Stop by Bar Harbor artist Melita Westerlund’s warehouse studio and you will find her wearing industrial protective gear and wielding industrial power tools. Her final product is far from industrial, though.
The people who make the art often get our attention, but who stretches their canvases and who makes their frames? Meet a husband-wife team that creates gorgeous frames, and a pair of talented canvas makers.
Since opening its Portland, Maine, office several years ago, the Icelandic company Eimskip has been shipping more and more goods to and from Maine in its container ships. Two artists recount their ride from Portland to Reykjavik on one of those vessels.
Artist Ed Nadeau taps into his Franco-American heritage and a sense of Maine to create stories of life lived near the edge. In the spectrum of Maine artists, Nadeau is something of a rarity: a narrative painter who mixes fact and fiction. Many of his canvases conjure stories, some drawn from family and personal experiences, others “ripped from the headlines.”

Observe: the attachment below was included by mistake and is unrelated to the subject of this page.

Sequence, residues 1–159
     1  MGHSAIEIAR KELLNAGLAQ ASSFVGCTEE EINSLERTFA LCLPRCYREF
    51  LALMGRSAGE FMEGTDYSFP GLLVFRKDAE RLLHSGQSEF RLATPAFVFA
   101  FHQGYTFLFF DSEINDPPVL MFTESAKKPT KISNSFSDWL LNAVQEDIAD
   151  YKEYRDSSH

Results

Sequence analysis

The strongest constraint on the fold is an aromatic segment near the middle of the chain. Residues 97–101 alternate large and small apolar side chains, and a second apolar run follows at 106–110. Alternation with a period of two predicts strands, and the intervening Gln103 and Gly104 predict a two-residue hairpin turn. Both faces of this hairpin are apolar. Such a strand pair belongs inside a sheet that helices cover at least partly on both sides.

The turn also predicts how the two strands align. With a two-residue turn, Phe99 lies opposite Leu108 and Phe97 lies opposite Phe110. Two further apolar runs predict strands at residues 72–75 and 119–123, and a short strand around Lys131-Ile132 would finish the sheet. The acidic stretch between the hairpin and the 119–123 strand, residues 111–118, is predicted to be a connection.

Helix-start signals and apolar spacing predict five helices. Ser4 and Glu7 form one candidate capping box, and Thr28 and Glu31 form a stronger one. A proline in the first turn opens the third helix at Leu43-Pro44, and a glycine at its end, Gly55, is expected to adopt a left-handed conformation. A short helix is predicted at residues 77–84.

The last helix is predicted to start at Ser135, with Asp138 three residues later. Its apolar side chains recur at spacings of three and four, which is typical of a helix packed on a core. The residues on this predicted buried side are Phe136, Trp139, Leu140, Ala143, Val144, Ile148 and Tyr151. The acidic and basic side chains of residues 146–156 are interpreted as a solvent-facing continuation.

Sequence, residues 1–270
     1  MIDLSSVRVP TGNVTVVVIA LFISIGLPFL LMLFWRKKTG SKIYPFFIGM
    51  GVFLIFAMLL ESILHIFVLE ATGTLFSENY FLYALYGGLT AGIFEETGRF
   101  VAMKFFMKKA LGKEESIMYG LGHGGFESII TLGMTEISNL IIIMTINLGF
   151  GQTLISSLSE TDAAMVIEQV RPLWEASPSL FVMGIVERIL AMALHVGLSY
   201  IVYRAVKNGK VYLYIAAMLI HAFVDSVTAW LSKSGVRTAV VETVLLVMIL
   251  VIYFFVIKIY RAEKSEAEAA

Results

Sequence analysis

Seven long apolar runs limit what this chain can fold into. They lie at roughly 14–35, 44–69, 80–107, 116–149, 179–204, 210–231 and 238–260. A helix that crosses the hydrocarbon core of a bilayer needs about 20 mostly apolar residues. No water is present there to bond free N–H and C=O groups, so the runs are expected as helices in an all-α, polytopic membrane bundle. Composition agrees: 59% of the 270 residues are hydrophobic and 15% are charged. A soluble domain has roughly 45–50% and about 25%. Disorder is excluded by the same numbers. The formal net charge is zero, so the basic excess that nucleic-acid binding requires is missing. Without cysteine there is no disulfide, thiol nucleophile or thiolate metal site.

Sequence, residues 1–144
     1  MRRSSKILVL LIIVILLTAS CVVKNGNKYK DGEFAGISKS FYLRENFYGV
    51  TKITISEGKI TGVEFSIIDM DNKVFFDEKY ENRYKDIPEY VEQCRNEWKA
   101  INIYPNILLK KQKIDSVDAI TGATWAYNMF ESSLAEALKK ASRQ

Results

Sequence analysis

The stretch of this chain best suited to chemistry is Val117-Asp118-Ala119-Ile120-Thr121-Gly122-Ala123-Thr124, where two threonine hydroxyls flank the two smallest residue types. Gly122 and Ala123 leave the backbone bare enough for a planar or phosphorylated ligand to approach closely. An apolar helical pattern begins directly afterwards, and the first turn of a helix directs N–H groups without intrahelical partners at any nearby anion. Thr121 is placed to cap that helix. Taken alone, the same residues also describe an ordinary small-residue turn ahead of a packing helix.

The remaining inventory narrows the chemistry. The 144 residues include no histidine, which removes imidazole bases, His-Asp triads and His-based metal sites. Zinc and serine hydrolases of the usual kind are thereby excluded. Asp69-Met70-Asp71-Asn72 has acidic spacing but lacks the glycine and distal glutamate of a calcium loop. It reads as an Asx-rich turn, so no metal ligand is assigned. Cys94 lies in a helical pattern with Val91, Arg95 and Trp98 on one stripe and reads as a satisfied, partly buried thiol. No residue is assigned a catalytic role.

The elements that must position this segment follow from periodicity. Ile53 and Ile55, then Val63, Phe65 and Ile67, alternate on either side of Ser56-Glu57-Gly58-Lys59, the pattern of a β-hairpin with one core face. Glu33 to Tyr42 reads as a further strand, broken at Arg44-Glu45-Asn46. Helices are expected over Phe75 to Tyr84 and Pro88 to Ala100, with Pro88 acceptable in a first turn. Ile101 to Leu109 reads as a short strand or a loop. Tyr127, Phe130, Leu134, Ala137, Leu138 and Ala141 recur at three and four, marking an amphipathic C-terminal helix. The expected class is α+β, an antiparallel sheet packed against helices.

Charles Eliot was a noted landscape architect who helped create the land trust model that led to the formation of Acadia National Park. Sailing vacations to Maine with his family when he was young helped inspire his later work.
Painter Joel Babb is a consummate realist. His landscapes of Boston, sometimes based on photographs and sketches made from the air or tall buildings, are considered among the finest achievements of their kind. In recent years, he has turned this same attention to detail onto natural settings in Maine.
The 2014-2015 Farnsworth Art Museum in Rockland’s exhibit “The Shakers: From Mount Lebanon to the World,” featured works from the Shaker Museum Mount Lebanon, the Sabbathday Lake Shaker Village, and several major museums. Some 200 objects were on display, including the minimalist furniture, boxes, and other household items for which the Shakers are renowned.
Who doesn’t want an exact model of their boat? A besotted Concordia owner describes how he was able to track down a miniature replica of his yawl, built by one of the country’s finest model makers, Rob Eddy.